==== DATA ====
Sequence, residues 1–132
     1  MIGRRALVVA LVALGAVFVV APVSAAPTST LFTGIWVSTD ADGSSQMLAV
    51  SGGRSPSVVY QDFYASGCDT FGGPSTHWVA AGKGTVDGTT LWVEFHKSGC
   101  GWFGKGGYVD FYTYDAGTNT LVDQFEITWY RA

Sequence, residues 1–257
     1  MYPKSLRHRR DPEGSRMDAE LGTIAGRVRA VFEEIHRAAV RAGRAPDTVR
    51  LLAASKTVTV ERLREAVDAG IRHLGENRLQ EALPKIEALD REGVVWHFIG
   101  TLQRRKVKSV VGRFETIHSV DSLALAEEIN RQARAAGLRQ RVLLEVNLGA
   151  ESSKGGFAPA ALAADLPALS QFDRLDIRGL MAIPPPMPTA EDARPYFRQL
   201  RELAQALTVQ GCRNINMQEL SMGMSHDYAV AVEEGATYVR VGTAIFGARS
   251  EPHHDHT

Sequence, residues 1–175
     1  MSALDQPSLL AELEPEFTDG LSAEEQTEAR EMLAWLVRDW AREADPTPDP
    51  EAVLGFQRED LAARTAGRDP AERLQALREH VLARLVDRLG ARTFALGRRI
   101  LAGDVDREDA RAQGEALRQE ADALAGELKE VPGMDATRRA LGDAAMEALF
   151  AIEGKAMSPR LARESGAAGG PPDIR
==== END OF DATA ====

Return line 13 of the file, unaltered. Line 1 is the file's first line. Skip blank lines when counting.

     1  MSALDQPSLL AELEPEFTDG LSAEEQTEAR EMLAWLVRDW AREADPTPDP